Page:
While the Forest Service has been vacationing, two applications have been submitted that would have a devastating impact on the White Salmon National Wild and Scenic River.

SDS Lumber Company has already been allowed clear-cut most of their property within the management corridor, and now they want to cut the Spring Creek area again. The last time SDS tried cutting there, neighbors blockaded, resulting in news coverage that forced the only Forest Service “cease and desist” order along the river. The question must be asked, why is protest and civil disobedience necessary to achieve responsible management? After 30 years of cutting, it should be obvious to any reasonable person that clear cuts in a Wild and Scenic River corridor equals misguided management.

The Stevenson family owners of SDS have a role to play here, too. They are known for their generous contributions to the White Salmon Library and to Maryhill Museum; now they need to consider how beneficial a truly wild and Scenic White Salmon River corridor could be for Klickitat County, and take a serious look at their logging practices along that river.

Both the Forest Service and SDS hope their silence will quash this embarassing and tragic story. What could SDS say, except, “We clear cut out forest, Wild and Scenic River or not!” The Forest Service has said they only manage the river itelf. For 30 years they have ignored the river corridor lands, which were intended to buffer and protect the river. Of course they are silent.

Under Canvas, a corportation that caters to elite “camping” has not applied to establish the largest development adjacent to the boundaries of the White Salmon Wild and Scenic River. The Forest Service had a chance to nip this problem in the bud by purchasing the land, but as I explained, they are on vacation. If allowed, the impact from this development would be devastating, and would set a prededent for more to come.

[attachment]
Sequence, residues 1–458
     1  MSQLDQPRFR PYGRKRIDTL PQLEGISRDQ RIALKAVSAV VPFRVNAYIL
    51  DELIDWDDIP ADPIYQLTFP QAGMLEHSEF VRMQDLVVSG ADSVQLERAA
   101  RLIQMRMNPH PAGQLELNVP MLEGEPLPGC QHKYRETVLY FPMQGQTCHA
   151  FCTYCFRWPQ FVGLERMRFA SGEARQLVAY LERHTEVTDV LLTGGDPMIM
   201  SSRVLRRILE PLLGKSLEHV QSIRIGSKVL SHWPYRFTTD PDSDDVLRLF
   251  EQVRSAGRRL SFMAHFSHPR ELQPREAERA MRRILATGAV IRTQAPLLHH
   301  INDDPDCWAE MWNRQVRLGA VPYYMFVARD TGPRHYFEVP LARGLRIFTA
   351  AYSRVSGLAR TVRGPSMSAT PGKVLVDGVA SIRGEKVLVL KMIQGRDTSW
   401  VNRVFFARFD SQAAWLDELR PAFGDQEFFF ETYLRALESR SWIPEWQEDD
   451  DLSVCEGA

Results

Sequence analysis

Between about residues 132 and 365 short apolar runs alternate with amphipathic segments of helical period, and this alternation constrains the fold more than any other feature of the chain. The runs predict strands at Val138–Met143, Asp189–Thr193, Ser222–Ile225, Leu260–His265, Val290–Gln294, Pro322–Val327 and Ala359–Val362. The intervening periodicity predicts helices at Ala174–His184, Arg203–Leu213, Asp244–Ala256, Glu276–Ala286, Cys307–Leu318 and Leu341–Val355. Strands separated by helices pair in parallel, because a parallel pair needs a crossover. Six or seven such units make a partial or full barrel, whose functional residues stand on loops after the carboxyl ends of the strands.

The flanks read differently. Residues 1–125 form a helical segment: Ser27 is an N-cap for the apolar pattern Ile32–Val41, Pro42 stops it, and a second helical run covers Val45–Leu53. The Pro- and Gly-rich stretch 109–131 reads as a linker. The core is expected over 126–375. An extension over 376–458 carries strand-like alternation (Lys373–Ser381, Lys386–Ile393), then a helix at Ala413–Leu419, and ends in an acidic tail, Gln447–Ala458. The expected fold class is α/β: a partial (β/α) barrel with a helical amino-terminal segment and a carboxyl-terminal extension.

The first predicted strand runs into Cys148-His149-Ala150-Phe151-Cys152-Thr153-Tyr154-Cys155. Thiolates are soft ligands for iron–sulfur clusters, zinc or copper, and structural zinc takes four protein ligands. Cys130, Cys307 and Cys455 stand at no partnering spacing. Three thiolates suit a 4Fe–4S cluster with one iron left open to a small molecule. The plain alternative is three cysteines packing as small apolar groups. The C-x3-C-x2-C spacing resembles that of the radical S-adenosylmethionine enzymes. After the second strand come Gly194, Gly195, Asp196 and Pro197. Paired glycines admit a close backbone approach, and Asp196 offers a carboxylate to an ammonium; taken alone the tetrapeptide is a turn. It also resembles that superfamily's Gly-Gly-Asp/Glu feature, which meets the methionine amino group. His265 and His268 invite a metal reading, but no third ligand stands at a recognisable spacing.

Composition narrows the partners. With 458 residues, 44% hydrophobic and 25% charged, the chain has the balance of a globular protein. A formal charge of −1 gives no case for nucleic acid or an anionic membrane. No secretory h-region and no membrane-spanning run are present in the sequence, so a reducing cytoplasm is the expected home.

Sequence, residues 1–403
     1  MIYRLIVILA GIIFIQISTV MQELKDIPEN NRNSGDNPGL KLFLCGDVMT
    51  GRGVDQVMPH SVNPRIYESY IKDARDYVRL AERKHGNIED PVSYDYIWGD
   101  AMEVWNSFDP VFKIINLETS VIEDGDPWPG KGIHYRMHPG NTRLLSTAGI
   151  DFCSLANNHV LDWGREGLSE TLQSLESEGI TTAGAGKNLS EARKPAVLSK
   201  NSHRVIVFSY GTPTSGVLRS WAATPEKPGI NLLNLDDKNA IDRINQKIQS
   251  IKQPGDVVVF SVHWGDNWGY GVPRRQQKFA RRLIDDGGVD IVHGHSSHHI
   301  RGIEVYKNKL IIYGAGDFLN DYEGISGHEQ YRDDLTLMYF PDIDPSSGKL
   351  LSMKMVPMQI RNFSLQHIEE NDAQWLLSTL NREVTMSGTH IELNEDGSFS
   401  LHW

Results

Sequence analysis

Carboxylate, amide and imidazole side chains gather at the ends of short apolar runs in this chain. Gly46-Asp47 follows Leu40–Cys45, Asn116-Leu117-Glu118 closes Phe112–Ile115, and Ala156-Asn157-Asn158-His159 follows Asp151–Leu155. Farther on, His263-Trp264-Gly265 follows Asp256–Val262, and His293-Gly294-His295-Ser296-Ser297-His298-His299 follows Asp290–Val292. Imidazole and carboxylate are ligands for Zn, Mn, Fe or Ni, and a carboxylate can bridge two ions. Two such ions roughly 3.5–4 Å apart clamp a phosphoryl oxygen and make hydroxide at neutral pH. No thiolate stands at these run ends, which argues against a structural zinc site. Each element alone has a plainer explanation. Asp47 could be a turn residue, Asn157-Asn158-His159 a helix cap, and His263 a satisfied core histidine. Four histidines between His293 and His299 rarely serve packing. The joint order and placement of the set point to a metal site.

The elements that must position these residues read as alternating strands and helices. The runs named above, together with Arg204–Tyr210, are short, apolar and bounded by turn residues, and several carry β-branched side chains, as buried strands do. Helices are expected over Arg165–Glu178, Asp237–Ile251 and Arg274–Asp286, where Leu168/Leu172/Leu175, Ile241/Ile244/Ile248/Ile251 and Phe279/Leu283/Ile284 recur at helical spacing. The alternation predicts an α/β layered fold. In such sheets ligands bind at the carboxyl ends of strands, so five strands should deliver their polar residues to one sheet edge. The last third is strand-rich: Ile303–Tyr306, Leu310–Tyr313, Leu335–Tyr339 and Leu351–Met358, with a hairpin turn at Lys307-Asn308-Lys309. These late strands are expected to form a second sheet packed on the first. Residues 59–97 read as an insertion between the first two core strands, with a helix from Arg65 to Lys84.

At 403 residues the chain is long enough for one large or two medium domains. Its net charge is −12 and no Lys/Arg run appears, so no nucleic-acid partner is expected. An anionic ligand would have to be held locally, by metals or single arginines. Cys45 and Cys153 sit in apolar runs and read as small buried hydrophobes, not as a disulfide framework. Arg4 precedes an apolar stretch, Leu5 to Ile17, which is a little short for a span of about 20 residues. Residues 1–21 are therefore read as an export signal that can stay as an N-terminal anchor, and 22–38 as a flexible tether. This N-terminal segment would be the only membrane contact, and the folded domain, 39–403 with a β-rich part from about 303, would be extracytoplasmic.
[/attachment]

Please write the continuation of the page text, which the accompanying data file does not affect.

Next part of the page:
Why did Under Canvas choose to locate in Klickitat County? It has spectacular beauty, lax county land use laws, multiple tax evasion opportunities that would subsidize Under Canvas at public expense, a county commission that caters to corporations instead of citizens, and the Forest Service is on vacation.

Under Canvas — a corporation that is financed by Wall Street private equity money — has used every trick to entrench themsevles in Klickitat County: They sent their agent to woo county government, the road department, the fire department, and key locals who might benefit from a permitted Under Canvas. Last and least, they approached the neighbors through a community council meeting. Jake Anderson, who conveniently is running a county commission seat — chaired that meeting and appeared to do everything he could to facilitate Under Canvas success. 

Do we need to say that virtually the entire rural neighborhood that Under Canvas wants to move into opposes this proposal?

Finally, I appeal to Portland environmental groups concerning this attempt to further trash our National Wild and Scenic River. If even one of them would raise concern in the Oregonian about what is happening here, Region Six of the Forest Service might scratch their heads and ask the question, what the hell is going on with the White Salmon?”

David Thies is a member of Columbia Gorge Audubon Society.

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